So, as you may intuit, this is no speed freak's paradise, maybe their hell. Slow paced transmutation of simultaneous, full or minimalistic, ethereal flowing melody lines, counterpointed by the oncoming and ongoing echoing of bells which are the guiding lights as they are the subtle launching pads to its constantly changing musical structures' detours, making it rich, creative and deep, yet conceptual as a single track.

Vigorous, obscurely fresh, perfectly timed and true to its creator's language, the undercovered diversity of musical composition environments add up for an attractive (even addictive) memorable listening experience.

****4 (This one stays home!) PA stars.

 Ambient Monkeys by TANGERINE DREAM album cover Studio Album, 1997
1.72 | 20 ratings

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Ambient Monkeys
Tangerine Dream Progressive Electronic

Review by Modrigue
Prog Reviewer

1 stars Might work for nature shops...

First let's define the "ambient" mention from the title. Both old fans expecting a come-back / revisit of early TANGERINE DREAM's "kozmische" material, like "Zeit" or "Atem", and more recent electronica lovers eager for 90's quality ambient works in the vein of THE ORB, THE FUTURE SOUND OF LONDON or early AUTECHRE will surely be disappointed. Instead, "Ambient Monkeys" mainly consists in a continuous mixture of more or less new-age TD from the nineties, noodling, natural sonorities and animal sounds. Sometimes, attentive listeners will recognize a known title...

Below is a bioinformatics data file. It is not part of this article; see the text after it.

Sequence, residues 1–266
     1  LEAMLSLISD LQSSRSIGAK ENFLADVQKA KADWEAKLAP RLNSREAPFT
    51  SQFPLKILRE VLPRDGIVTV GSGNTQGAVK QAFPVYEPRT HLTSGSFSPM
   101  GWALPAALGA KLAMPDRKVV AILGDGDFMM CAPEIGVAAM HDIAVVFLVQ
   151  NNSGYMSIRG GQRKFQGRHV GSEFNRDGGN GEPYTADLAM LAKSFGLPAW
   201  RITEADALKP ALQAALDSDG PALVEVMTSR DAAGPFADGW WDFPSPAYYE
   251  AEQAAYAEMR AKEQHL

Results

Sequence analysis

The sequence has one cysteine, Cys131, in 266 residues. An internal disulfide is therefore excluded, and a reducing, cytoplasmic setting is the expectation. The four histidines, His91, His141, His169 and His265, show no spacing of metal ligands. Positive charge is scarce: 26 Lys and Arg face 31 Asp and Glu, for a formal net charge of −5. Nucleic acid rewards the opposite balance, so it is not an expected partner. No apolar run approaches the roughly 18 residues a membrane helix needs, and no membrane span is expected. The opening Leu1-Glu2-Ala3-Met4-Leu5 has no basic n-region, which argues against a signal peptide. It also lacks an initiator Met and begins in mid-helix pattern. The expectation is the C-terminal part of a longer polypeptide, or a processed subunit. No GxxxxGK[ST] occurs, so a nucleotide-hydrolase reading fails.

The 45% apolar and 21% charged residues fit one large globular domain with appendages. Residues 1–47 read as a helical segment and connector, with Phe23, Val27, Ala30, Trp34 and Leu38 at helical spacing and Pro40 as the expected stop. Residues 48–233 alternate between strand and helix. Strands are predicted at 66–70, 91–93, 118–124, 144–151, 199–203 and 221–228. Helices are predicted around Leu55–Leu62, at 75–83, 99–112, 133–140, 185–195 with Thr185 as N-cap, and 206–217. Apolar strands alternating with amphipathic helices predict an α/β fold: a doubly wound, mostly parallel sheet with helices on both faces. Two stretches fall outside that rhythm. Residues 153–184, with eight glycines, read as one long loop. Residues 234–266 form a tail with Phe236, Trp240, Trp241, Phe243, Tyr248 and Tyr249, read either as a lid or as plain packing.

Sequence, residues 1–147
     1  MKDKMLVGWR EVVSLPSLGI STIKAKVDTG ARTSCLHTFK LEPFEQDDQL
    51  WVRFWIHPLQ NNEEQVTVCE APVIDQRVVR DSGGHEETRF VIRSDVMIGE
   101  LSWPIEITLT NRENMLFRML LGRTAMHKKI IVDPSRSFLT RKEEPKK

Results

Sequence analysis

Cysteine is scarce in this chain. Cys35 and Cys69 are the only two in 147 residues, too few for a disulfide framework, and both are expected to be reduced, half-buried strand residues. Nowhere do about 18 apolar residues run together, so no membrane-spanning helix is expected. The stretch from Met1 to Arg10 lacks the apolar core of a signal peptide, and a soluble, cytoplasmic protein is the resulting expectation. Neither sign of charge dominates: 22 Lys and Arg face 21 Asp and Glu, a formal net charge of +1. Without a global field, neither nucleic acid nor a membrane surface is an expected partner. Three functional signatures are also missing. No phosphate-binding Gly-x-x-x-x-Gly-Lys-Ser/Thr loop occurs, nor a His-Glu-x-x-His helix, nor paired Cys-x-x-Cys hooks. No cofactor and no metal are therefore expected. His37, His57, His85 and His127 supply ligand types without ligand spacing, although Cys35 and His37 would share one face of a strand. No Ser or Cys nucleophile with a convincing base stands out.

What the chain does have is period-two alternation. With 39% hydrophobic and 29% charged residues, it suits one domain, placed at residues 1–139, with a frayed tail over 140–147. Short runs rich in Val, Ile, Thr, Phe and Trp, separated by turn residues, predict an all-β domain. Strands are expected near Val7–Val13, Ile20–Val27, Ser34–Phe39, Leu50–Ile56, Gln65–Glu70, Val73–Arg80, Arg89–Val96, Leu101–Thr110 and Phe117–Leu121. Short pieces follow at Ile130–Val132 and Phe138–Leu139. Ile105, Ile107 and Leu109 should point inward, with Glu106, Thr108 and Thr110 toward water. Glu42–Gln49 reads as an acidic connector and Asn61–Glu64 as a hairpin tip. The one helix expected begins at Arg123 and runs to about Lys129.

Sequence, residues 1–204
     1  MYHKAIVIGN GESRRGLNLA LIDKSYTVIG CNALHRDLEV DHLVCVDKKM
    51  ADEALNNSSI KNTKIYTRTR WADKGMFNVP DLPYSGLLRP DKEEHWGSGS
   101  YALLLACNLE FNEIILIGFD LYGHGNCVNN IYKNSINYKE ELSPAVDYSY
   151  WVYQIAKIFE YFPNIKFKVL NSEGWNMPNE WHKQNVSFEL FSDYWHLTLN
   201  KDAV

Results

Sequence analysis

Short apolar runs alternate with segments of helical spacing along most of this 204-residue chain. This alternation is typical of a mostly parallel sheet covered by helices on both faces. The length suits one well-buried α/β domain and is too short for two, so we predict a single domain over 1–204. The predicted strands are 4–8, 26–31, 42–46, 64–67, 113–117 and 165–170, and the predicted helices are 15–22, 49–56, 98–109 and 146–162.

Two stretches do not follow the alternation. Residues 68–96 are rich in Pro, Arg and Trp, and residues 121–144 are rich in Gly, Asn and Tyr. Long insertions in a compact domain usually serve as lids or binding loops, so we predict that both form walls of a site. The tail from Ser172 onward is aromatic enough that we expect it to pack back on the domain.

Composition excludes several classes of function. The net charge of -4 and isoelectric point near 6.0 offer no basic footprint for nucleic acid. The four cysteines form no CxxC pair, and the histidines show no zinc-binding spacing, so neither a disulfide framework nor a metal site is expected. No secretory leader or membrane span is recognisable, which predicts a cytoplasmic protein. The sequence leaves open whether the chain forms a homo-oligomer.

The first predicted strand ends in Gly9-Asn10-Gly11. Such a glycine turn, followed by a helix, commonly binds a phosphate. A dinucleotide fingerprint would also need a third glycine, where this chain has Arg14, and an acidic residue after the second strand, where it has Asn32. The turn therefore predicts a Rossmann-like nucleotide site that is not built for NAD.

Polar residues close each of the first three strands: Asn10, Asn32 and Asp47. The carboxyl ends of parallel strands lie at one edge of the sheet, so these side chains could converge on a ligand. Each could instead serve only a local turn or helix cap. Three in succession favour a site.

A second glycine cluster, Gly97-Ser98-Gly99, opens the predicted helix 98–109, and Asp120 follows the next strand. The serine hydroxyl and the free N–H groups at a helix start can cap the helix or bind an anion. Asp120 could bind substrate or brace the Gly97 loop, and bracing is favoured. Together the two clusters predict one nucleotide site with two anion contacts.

The point is, this environmental soundtrack was only used by the band before starting concerts to warm audiences up. These pieces were initially not meant to be released. However, on "public demand" by the fans, the Froeses finally made this available. So who is to blame?

In conclusion, was it worth it? Not really... The "music" will rarely catch the ears of both classic and 90's TANGERINE DREAM lovers. Only for fans of background ambient wanting to sonically dress their vegetal lounge or bathroom with a "nature" soundtrack...